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Showing posts from August, 2015

Arctic Sea Ice Collapse Threatens - Update 6

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The image below shows Arctic sea ice extent, with the blue dot indicating that extent for August 22, 2015, was 5.382 million square kilometers. The record shows that, at this time of the year, extent was only lower in 2007, 2011 and 2012. There are a number of reasons why sea ice could fall dramatically over the next few weeks. First of all, the situation today is in an even worse condition than one might conclude when looking at sea ice extent alone. The way NSIDC calculates extent is by first dividing the satellite image into a grid and then including each cell in extent that has 15% or more ice. So, if a few small and very thin pieces of ice floating in a cell happen to cover 15% of a cell, it is counted in as "sea ice". There is quite a difference between the sea ice that was 5 meters thick north of Greenland in 2012 and the ice that is present there now. The image on the right shows the north-east corner of Greenland on the bottom left. There is almost no ice north of th

Ocean Heat Invades Arctic Ocean

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[ click on image to enlarge ] NOAA analysis shows that, on land, it now is about 1°C (1.8°F) warmer than the 20th century average. July 2015 was the warmest month ever recorded for the globe. The combined average temperature over global land and ocean surfaces for July was the all-time highest monthly temperature in the 1880-2015 record – it was 16.61°C (61.86°F), i.e. 0.81°C (1.46°F) above the 20th century average.  Sea surfaces were very warm as well, in particular the North Pacific, which on August 22, 2015, was exactly 1°C (1.8°F) warmer than it was compared to the period from 1971 to 2000 (see Climate Reanalyzer image right). The July globally-averaged sea surface temperature was the highest temperature for any month in the 1880-2015 record. In July 2015, the sea surface on the Northern Hemisphere was 0.87°C (1.57°F) warmer than it was in the 20th century, as illustrated by the NOAA graph below.  As the image below shows, the July data for sea surface temperature anomalies on t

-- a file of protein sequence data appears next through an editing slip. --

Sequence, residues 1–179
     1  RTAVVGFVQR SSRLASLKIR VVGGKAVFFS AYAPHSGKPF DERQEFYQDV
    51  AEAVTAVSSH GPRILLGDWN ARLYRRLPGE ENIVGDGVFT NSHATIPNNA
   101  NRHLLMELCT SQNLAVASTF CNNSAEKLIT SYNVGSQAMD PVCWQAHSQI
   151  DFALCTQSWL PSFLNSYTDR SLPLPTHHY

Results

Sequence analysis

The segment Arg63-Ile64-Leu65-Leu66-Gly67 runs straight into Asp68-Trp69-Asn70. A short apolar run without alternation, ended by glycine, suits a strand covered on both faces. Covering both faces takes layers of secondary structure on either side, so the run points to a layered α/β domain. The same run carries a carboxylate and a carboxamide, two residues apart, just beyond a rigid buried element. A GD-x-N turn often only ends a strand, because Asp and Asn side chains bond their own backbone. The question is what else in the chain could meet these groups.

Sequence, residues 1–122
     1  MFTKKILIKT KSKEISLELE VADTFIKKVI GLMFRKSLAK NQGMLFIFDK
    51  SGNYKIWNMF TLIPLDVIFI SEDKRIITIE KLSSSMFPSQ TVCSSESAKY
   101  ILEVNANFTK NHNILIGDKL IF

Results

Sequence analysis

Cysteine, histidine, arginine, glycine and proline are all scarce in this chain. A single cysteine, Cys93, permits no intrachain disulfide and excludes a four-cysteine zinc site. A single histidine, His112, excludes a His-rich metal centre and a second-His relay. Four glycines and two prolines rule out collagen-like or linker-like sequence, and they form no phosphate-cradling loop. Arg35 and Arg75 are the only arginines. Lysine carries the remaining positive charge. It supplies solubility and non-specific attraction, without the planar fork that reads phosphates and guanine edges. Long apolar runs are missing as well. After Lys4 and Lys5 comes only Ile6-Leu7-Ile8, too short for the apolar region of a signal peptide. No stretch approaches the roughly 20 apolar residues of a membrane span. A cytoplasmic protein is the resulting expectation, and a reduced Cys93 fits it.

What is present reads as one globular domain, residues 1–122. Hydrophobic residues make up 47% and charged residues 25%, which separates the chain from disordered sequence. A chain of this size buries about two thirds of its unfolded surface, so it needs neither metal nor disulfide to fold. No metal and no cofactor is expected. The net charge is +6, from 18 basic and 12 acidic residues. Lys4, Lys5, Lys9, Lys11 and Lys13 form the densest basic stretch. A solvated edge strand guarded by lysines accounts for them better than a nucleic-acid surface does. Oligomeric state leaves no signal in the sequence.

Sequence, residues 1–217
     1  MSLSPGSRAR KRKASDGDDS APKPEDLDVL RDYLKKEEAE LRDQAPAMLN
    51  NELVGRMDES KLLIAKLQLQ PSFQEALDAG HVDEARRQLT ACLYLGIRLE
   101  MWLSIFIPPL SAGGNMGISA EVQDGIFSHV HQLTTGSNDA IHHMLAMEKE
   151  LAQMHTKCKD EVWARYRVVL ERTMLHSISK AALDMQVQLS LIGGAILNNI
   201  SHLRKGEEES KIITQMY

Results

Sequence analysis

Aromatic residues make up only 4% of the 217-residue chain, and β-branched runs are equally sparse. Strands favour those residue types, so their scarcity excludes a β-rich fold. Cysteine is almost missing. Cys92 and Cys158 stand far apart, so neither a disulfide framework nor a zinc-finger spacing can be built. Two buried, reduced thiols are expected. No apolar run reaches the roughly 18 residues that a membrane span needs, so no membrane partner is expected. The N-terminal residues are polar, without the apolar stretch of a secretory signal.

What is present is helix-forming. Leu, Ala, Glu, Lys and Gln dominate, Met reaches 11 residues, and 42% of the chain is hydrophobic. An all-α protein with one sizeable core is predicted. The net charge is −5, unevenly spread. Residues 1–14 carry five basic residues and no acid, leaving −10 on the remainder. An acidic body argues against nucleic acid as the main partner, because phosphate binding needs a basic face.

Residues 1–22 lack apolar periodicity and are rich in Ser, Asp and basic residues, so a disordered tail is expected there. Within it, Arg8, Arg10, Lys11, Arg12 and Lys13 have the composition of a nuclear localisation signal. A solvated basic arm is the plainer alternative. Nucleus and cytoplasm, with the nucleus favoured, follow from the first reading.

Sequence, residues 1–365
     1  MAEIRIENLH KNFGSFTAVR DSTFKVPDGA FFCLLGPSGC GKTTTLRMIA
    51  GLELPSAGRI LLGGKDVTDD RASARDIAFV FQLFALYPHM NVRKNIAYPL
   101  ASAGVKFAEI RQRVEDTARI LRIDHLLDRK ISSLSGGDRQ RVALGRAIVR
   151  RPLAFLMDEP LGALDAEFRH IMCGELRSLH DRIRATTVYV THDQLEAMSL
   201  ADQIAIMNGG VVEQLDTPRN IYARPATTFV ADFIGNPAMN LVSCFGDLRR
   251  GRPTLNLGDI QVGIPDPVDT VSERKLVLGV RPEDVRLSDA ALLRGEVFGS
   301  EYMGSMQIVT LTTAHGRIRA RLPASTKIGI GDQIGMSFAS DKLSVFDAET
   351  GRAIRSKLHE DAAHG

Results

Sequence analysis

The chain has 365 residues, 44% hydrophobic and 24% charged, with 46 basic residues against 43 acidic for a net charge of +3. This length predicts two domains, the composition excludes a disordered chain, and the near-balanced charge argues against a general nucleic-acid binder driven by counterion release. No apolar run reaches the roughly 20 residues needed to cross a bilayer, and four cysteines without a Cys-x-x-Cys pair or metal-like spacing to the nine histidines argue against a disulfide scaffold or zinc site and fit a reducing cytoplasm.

Disappearance Of Thick Arctic Sea Ice

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[ view full image at facebook  ] Arctic sea ice is in a horrible state. On August 16, 2015, Arctic sea ice extent was 5.786 million square km, the smallest extent on record for this time of year except for the years 2007, 2011 and 2012, as illustrated by the image on the right. The situation today is even worse than one might conclude when looking at sea ice extent alone. Thick sea ice is virtually absent compared to the situation in the year 2012 around this time of year, as illustrated by the image below comparing sea ice thickness on August 16, 2012 (left) with August 16, 2015 (right). The ice used to be over 4 m thick, or over 13 ft thick, north of Greenland and the Canadian Archipelago. This thick multi-year ice has been a feature of the Arctic sea ice for over 100,000 years. It used to be there all year long, unlike the thinner ice that could melt away entirely during the melting season. The disappearance of this thick multi-year ice is a major development. Why? Until now, the th

Arctic Sea Ice Collapse Threatens - Update 5